Campfire tip #3: Choose the right fire starter
Most people want to get their campfire lit quickly and reliably. You can find fire starters and different tinder forms at most outdoor stores, but sometimes you just have to use what you have on hand. There are a few techniques that work great for starting wood fires. Many people have methods that they swear by, so don’t be afraid to experiment and see what works best for you. Here are a few favorites.
- Take a section of a paper towel and add about two tablespoons of cooking oil to it. This should be enough to make it damp with the oil but not dripping. You might want to do this in a small bowl or a ziplock bag. With the bag, you can store the fire starter for later use or make a few at a time. A crumpled ball shape is best for the paper towel.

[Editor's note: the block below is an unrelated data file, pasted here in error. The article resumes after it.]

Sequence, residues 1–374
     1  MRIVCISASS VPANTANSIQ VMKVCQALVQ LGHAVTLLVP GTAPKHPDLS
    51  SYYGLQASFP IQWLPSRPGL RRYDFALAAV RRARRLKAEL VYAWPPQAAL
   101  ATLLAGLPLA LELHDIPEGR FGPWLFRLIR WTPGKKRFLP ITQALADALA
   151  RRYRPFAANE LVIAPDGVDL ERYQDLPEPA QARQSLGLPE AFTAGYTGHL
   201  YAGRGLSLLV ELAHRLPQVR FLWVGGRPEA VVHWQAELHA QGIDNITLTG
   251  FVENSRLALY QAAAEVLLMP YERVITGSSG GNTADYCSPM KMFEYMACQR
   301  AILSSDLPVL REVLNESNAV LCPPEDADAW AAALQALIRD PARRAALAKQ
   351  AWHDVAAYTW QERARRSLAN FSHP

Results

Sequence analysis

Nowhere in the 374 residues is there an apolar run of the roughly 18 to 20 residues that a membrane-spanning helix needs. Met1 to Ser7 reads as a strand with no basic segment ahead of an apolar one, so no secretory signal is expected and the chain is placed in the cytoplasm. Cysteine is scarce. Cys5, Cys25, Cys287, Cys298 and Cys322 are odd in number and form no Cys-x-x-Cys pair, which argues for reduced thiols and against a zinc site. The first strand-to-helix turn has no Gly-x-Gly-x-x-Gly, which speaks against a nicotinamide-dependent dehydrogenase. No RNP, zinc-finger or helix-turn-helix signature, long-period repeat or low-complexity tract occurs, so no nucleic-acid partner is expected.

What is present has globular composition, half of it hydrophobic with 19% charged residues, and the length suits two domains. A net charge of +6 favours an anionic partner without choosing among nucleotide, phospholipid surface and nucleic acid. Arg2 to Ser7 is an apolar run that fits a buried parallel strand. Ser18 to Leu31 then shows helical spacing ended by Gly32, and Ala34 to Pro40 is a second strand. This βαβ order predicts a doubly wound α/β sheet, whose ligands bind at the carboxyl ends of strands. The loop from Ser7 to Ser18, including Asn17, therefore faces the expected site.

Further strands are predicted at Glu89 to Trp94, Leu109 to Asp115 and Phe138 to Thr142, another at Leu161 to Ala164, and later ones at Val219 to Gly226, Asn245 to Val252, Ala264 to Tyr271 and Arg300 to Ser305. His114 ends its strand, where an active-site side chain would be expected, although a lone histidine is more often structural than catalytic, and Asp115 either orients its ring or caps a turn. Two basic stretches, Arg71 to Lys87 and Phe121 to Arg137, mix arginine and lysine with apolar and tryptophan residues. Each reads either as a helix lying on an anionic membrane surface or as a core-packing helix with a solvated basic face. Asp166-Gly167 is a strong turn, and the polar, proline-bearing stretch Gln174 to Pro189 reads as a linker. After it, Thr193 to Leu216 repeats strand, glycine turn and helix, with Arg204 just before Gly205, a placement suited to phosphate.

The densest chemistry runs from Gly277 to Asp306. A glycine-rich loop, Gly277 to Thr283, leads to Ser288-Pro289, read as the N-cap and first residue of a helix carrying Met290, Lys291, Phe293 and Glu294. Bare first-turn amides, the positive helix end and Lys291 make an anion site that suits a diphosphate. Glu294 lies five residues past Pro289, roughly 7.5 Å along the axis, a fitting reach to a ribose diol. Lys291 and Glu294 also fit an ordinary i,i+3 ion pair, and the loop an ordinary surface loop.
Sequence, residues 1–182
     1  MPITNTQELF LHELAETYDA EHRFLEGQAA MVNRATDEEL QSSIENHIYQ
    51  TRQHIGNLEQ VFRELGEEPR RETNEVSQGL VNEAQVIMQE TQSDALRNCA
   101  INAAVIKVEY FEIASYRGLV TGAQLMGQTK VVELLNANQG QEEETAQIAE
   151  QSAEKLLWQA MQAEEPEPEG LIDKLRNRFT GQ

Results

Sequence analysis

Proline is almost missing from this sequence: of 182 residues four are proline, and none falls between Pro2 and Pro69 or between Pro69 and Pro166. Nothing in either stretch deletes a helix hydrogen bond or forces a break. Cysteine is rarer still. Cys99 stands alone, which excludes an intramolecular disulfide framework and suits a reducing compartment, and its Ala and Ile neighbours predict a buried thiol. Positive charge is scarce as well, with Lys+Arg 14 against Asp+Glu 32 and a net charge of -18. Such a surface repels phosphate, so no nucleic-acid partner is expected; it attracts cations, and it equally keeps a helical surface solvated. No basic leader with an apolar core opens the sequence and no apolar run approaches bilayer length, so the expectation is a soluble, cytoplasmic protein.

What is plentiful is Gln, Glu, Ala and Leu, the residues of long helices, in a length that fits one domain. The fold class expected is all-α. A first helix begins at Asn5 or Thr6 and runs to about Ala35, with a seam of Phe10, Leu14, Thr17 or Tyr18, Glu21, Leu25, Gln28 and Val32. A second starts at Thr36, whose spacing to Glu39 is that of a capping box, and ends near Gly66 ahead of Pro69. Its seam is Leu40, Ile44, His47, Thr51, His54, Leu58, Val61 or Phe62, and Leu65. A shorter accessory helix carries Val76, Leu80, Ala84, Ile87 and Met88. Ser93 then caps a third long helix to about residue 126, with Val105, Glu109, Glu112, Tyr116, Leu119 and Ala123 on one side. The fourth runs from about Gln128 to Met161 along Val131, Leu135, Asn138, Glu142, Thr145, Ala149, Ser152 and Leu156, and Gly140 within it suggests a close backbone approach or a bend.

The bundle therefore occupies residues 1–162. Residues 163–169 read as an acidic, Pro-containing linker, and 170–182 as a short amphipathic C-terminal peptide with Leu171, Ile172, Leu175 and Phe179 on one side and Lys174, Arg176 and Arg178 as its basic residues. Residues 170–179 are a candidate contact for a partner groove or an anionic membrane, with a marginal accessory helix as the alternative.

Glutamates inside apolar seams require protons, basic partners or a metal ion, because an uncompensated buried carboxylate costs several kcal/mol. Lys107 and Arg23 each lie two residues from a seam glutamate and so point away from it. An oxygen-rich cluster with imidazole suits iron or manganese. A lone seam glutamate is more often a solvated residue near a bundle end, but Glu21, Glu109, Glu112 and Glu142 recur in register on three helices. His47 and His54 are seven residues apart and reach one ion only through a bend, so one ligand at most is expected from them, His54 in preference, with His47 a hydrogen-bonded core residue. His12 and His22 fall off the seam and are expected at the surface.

- Dip cotton balls in paraffin wax or vaseline and store them in a baggie.
- If you don’t want to deal with sticky or oily substances, you can use dryer lint. Anytime you do laundry, store the lint in a baggie. Don’t forget to pack it when you go camping!
Just use one of these fire starters in place of tinder. Light it with a match or a lighter wand. It catches quickly and burns hot for a good length of time with significant flames. It is the oil that is burning initially, with the paper towel acting like a big candlewick. I find it very reliable, and I almost always have the materials on hand for it without needing to plan to bring anything specifically for starting fires.